Epidermophyton clinical

Moccasin type tinea pedis caused by Epidermophyton floccosum.

Epidermophyton floccosum

Epidermophyton floccosum is an anthropophilic dermatophyte with a worldwide distribution which often causes tinea pedis, tinea cruris, tinea corporis and onychomycosis.

It is not known to invade hair in vivo and no specific growth requirements have been reported.

RG-2 organism.

Epidermophyton culture

Culture of Epidermophyton floccosum.

Morphological description: 
Colonies are usually slow growing, greenish-brown or khaki-coloured with a suede-like surface, raised and folded in the centre, with a flat periphery and submerged fringe of growth. Older cultures may develop white pleomorphic tufts of mycelium. A deep yellowish-brown reverse pigment is usually present. Microscopic morphology shows characteristic smooth, thin-walled macroconidia which are often produced in clusters growing directly from the hyphae. Numerous chlamydospores are formed in older cultures. Microconidia are not formed.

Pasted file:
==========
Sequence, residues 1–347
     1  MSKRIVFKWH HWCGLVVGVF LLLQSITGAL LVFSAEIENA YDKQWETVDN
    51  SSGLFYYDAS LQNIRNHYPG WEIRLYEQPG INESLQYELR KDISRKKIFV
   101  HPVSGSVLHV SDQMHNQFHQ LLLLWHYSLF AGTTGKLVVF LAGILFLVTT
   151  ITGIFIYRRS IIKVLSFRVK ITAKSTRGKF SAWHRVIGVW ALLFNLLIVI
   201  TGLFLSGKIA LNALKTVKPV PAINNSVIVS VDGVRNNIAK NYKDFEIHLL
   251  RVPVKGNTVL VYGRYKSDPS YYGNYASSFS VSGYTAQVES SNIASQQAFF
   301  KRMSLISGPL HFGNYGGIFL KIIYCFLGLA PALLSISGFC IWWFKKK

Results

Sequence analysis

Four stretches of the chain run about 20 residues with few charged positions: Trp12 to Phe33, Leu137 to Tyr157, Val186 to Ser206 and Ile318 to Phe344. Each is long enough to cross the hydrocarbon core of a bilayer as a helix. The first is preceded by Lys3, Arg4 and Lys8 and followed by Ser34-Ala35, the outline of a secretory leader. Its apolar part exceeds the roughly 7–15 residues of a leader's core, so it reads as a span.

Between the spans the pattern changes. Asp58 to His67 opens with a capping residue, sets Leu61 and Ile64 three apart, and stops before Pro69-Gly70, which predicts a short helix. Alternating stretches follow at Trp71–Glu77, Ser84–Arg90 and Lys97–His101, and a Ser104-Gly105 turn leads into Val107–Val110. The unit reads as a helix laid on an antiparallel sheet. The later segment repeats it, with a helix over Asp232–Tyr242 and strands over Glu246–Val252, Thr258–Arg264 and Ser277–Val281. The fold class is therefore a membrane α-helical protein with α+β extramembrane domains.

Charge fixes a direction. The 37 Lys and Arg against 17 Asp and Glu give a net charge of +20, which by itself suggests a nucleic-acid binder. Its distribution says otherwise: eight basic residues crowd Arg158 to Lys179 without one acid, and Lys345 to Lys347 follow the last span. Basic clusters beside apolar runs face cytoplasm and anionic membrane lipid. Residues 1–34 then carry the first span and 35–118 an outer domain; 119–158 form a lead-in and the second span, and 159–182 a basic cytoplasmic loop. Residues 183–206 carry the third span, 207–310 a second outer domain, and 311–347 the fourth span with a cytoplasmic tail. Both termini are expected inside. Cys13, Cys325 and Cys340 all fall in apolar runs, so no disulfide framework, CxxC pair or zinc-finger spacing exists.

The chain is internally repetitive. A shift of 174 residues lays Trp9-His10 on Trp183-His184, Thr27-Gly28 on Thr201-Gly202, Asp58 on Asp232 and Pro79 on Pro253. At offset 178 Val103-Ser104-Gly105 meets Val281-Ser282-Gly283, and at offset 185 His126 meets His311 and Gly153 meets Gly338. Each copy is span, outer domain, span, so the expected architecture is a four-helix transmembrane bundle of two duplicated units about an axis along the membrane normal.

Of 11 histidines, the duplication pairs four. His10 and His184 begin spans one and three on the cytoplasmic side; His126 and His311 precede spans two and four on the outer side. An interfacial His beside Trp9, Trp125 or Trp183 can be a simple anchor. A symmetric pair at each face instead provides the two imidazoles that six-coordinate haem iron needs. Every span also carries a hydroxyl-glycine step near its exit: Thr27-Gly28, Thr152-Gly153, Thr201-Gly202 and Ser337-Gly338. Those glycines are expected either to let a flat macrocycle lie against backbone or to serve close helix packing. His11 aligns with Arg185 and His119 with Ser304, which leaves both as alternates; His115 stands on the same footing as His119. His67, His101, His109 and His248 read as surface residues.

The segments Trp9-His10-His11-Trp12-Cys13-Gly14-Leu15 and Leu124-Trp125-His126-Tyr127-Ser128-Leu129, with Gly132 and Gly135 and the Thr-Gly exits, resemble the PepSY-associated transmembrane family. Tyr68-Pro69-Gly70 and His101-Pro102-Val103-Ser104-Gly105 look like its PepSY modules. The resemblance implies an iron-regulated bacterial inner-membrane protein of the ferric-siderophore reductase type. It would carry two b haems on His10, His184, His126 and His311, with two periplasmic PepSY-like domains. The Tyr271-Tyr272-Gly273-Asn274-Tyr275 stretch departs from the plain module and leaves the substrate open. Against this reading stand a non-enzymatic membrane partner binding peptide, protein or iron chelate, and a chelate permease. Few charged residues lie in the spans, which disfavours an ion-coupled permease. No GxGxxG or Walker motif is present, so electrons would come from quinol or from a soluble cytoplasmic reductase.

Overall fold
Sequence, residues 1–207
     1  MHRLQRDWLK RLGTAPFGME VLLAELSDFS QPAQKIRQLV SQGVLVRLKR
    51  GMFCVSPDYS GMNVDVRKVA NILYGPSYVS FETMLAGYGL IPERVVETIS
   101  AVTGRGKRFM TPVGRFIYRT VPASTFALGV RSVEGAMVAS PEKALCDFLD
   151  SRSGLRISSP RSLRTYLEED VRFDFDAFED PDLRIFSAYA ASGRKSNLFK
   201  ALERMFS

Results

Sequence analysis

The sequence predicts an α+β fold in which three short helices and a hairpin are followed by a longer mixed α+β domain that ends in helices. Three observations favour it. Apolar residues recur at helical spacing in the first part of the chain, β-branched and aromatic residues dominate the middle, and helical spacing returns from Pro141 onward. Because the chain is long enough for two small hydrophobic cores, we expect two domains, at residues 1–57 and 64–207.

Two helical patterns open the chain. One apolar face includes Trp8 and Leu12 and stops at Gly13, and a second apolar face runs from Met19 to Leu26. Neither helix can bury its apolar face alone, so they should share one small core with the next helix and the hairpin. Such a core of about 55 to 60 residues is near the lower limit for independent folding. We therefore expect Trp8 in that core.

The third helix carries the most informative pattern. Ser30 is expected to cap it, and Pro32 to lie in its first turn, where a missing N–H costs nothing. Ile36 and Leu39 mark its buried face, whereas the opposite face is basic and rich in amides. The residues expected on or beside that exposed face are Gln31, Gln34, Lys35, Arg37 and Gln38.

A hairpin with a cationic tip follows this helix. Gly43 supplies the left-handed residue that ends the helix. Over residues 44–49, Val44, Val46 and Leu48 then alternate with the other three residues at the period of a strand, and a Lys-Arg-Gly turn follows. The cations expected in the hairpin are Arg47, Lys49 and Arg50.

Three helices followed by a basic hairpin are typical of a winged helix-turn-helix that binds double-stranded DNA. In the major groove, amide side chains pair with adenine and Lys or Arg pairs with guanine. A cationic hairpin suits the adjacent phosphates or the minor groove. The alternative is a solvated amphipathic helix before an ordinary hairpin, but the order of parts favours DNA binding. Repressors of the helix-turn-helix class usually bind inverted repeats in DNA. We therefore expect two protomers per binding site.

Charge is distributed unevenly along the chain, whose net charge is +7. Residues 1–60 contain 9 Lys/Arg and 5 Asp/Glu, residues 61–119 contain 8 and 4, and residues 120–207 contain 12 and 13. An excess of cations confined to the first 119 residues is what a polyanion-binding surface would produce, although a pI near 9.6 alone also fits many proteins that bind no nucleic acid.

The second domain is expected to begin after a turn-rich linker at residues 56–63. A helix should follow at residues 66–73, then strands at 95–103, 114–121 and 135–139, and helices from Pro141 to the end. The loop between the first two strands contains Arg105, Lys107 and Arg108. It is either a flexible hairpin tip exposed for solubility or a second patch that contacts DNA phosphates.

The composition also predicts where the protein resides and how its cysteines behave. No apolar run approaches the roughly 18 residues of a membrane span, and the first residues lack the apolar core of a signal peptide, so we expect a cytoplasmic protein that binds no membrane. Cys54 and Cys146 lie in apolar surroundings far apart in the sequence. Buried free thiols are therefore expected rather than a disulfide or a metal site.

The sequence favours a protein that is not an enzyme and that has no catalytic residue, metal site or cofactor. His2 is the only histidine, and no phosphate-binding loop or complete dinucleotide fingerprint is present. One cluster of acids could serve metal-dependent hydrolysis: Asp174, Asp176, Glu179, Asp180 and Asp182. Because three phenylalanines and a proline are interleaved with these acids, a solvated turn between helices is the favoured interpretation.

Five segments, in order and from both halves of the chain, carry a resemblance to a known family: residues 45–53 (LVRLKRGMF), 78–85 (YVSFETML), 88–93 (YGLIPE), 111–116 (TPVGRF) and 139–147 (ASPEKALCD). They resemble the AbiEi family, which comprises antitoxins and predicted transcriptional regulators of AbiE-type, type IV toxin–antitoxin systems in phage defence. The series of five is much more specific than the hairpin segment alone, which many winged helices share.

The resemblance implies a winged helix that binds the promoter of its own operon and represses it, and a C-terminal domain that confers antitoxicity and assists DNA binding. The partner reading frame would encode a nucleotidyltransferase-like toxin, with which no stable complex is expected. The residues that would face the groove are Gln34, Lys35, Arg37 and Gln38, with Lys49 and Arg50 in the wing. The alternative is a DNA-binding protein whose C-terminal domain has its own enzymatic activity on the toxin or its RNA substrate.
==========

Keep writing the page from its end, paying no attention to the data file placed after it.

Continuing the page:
Epidermophyton microscopy

Macroconidia and chlamydoconidia of E. floccosum.

Key features: 
Culture characteristics, microscopic morphology and clinical disease.

Rebell and Taplin (1970), Mackenzie et al. (1987), Rippon (1988), de Hoog et al. (2000, 2015).